You can sue for property damage. I don't think you have standing to sue to evict.
The above answer, and any follow up comments or emails is for informational purposes only and not meant as legal advice.
You yourself cannot start an eviction action but the cooperative could seek to terminate the proprietary lease of the owner of the shares associated with the unit, or the owner of the shares could seek to evict the tenant. It is incredibly difficult to evict someone for water leaks. Plumbing is a mystery to most non-plumbers, judges included, and if the tenant comes in and testifies that the leaks are arising in the plumbing, without any wrongdoing on his/her part, the court is likely to believe the tenant. I represent tenants, and in many cases like this , I was able to argue that the leak could not be tied to any wrongdoing on the tenants' part. The only such case that I lost was one where the building super testified that he retrieved corn cobs and bones that had been flushed down the toilet from my client's apartment. Without such a "smoking gun," it is very difficult to obtain an eviction based on leaks.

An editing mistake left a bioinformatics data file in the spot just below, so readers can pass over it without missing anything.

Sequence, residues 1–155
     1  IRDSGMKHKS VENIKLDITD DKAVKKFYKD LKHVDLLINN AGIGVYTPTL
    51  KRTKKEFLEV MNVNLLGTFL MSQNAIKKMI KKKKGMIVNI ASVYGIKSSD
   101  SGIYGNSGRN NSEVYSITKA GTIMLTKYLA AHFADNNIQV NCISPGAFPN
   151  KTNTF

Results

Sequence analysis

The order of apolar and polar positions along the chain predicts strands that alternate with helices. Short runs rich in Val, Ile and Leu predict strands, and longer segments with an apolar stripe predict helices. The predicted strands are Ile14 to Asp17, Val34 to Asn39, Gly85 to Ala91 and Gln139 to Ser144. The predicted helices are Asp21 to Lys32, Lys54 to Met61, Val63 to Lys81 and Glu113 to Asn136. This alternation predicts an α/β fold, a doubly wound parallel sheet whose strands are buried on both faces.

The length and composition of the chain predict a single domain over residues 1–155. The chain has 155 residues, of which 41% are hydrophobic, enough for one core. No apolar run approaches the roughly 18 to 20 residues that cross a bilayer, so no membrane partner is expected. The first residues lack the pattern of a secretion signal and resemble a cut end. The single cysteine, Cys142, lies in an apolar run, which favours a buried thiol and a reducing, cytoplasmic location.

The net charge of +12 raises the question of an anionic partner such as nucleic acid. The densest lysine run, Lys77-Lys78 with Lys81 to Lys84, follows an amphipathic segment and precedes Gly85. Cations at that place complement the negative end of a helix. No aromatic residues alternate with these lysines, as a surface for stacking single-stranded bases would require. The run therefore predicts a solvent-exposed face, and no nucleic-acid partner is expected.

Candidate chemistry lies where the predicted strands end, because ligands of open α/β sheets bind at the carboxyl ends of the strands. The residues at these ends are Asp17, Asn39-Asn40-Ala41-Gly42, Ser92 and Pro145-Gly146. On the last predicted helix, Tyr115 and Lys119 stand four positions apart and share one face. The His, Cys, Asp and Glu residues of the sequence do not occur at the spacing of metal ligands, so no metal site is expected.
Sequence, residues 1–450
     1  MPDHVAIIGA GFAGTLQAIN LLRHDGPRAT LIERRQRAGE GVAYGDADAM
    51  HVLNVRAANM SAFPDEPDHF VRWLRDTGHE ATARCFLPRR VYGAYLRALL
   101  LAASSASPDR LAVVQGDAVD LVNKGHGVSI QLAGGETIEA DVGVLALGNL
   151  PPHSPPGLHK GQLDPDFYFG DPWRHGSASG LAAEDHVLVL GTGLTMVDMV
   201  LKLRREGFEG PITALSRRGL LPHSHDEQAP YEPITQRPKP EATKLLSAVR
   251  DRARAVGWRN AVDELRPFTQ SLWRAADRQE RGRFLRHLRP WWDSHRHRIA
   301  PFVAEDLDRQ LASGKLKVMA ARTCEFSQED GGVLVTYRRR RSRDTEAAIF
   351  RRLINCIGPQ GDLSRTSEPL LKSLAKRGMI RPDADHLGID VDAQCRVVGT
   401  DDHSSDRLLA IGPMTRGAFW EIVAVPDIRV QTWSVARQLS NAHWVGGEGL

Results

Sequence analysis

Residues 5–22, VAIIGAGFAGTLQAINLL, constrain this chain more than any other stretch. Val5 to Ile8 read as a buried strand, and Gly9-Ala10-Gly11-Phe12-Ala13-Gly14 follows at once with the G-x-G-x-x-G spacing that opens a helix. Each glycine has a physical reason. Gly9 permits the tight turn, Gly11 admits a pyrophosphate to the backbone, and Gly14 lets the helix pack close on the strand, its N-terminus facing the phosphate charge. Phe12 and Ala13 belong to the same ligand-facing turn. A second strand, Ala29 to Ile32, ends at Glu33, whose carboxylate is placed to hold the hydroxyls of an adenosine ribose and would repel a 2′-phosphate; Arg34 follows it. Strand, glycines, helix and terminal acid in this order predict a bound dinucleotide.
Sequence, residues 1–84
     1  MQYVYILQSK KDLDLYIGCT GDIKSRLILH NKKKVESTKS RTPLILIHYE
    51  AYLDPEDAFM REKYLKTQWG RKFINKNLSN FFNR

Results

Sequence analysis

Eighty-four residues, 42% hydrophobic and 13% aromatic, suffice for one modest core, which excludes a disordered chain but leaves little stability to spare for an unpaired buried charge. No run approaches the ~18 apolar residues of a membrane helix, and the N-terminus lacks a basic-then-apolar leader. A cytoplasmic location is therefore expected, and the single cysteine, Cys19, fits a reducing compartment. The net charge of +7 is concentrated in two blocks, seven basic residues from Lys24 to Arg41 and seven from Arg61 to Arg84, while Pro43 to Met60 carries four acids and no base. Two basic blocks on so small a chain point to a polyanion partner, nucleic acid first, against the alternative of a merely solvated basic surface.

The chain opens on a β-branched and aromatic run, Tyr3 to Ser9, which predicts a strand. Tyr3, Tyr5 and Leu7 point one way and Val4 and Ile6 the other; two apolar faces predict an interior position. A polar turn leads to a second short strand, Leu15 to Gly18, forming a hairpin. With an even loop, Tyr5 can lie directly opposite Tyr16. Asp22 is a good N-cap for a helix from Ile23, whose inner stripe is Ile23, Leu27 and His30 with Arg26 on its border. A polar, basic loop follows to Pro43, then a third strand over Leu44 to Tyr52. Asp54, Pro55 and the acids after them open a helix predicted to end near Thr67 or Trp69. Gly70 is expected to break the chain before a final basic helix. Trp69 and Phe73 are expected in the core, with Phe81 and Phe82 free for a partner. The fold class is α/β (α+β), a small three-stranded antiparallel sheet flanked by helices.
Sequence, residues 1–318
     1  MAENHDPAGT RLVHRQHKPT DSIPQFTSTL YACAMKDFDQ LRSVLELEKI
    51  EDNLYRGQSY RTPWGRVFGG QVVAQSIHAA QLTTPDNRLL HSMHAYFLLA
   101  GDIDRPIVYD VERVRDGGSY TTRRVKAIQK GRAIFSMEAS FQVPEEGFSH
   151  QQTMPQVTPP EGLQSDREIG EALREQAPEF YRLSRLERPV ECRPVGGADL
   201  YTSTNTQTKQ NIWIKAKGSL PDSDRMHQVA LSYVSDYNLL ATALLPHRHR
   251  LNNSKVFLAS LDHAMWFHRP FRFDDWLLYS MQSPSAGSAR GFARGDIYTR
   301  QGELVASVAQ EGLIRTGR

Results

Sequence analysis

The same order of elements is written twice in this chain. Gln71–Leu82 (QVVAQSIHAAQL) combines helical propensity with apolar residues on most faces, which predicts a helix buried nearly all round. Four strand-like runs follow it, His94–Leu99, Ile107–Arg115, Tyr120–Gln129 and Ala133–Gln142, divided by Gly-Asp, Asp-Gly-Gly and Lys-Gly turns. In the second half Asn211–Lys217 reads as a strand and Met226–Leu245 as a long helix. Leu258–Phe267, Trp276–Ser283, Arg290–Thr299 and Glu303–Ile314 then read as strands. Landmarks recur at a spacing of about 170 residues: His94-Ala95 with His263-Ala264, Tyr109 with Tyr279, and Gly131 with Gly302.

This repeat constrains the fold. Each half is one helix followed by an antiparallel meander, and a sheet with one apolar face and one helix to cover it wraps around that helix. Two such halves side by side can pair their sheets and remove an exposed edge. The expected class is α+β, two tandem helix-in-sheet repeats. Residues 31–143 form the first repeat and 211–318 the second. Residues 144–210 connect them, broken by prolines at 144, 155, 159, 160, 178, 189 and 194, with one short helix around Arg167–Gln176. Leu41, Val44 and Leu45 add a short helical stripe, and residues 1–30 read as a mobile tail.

Dear New York Cooperator:
Your home owner insurance company's pressure on the cooperative's managing agent usually is enough inducement for the cooperative to direct the apartment owner's attention to the damage coming from the tenant occupied apartment. In the cooperative, the actual unit owner (not the tenant) is responsible for the damage and the leaks. That often is a compelling reason for the owner to investigate the cause and origin of the leaks and take action to abate the condition. The owner's plumber may conclude that the source of the water infiltration is plumbing which the cooperative is responsible to maintain. Or, the owner may discover that the tenant has a problem regulating water in a bathtub or sink. In any case, waiting two years to start to deal with this is a long time, and the cooperative's managing agent and board have had sufficient time to get to identify the cause of the leaks.
An apartment owner has no direct cause of action in a court against a tenant of another owner. The cooperative may deal with the apartment owner, but has no direct legal relationship with the owner's tenant. A proprietary lessee may take action against the owner of the offending apartment, but it would seem that if cause existed to do so, your insurance would have long ago dealt the other owner.
The time may be right for you now to secure your own attorney to help you determine the reason the leaks have persisted over two years and steer you to resolving the problem hopefully without need for a court proceeding.
The answer provided to you is in the nature of general information. The general proposition being that you should try to avoid a bad outcome if you can.